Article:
In a recent conference call with investors, company CEO Joe Coradino touted the company’s track record in filling 9 of 11 vacant anchor store locations since the beginning of 2017, bringing in 17 new, diversified tenants paying eight times the rents those spaces were previously generating.
But one of those anchor vacancies was filled when Herberger’s moved last fall from its original spot in Valley View Mall to the much larger space vacated when Macy’s closed in May.
PREIT announced in May that it was seeking to sell the 605,000-square-foot retail operation, along with another in Altoona, Pa., in an effort to strengthen its portfolio.
The move was billed as part of an ongoing strategy to get rid of “lower productivity” malls in “non-core markets,” which PREIT estimated would boost its overall sales performance by $10 per square foot.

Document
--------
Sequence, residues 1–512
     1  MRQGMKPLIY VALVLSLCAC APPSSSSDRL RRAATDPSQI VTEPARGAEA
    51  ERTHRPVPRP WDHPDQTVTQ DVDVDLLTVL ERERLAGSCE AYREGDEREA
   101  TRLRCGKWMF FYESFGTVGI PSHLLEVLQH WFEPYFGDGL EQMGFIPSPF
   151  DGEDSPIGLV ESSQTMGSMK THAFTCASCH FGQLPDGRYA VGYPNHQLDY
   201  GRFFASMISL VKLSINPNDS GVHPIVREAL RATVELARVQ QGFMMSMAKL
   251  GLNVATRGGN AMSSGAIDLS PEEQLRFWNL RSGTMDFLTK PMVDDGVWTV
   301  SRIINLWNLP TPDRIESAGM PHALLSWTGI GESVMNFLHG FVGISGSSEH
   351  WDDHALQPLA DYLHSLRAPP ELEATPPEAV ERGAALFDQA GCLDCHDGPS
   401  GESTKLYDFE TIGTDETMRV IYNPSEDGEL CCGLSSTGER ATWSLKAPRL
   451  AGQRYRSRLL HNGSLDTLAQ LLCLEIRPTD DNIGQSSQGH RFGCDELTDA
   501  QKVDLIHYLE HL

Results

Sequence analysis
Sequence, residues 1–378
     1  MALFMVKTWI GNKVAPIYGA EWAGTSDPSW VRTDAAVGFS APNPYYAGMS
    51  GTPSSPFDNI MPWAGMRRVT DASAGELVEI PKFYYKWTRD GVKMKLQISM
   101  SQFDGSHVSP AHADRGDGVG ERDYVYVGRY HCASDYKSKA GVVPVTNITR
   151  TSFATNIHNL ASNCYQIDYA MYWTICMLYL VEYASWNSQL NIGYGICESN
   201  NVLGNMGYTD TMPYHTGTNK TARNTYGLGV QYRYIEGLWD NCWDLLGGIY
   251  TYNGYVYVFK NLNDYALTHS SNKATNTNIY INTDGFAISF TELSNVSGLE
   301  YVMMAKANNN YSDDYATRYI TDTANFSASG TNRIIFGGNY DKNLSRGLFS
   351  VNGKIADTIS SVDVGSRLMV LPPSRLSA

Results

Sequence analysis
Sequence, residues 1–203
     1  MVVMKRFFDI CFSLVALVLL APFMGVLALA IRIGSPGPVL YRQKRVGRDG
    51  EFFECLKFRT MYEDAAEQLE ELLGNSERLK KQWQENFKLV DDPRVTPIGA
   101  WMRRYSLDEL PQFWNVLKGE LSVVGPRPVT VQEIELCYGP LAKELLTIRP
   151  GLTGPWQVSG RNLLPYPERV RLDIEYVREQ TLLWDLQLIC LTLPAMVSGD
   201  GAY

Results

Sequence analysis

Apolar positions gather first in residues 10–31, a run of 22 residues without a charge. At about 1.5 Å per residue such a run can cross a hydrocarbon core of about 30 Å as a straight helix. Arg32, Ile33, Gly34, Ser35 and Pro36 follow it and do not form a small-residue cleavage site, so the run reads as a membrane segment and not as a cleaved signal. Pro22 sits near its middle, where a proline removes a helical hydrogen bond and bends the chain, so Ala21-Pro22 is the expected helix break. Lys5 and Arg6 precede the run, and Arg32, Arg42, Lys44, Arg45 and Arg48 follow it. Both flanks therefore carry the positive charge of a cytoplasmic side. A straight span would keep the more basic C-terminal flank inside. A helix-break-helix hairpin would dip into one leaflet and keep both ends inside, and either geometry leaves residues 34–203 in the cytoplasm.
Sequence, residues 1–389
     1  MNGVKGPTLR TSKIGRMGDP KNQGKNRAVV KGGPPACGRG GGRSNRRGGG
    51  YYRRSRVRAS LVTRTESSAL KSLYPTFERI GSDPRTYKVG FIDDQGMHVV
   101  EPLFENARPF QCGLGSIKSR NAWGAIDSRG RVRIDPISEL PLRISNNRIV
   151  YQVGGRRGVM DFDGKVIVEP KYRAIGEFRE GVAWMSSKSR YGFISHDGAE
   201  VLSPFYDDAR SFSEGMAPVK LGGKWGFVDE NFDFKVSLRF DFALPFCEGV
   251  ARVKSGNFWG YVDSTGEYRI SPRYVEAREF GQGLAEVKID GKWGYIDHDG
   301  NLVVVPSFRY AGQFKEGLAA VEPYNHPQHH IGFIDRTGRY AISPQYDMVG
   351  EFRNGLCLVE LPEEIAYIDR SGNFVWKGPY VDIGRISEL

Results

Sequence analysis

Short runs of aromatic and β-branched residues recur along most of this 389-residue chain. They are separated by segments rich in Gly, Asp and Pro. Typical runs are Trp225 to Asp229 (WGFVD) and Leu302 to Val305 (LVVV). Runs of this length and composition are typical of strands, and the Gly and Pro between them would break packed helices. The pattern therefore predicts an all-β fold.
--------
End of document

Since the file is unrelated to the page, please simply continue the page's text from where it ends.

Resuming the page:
Company representatives did not respond to multiple interview requests this week, though a spokeswoman said in an e-mail Friday afternoon that the mall is no longer on the market and that PREIT has interest in the Herberger's location.
With the disappearance of traditional department stores, shopping malls are going to have to reinvent themselves in order to survive, said Hart Posen, associate professor of management at the University of Wisconsin-Madison.
“The mass shopping malls of the 70s and 80s have passed their prime,” he said. “People don’t want that anymore.”
While he doesn’t see much future for malls full of similar department stores offering similar merchandise, Posen said with enough effort and capital it is possible to remake shopping centers into attractive destinations. He points to Madison’s Hilldale mall, sold at a sheriff’s auction seven years ago, as a success story.
“For me this is just part of an ongoing pattern of changes,” Posen said. “I am not pessimistic in any way about brick and mortar retail. I’m confident it will continue to exist. The format and who will dominate it will inevitably change.”
Others are less enthusiastic about the prospect of saving the shopping mall.
“The malls of today are economic dinosaurs and we have to let them go extinct,” said Chuck Marohn, founder and president of Strong Towns, an organization the promotes prosperity through organic, incremental growth.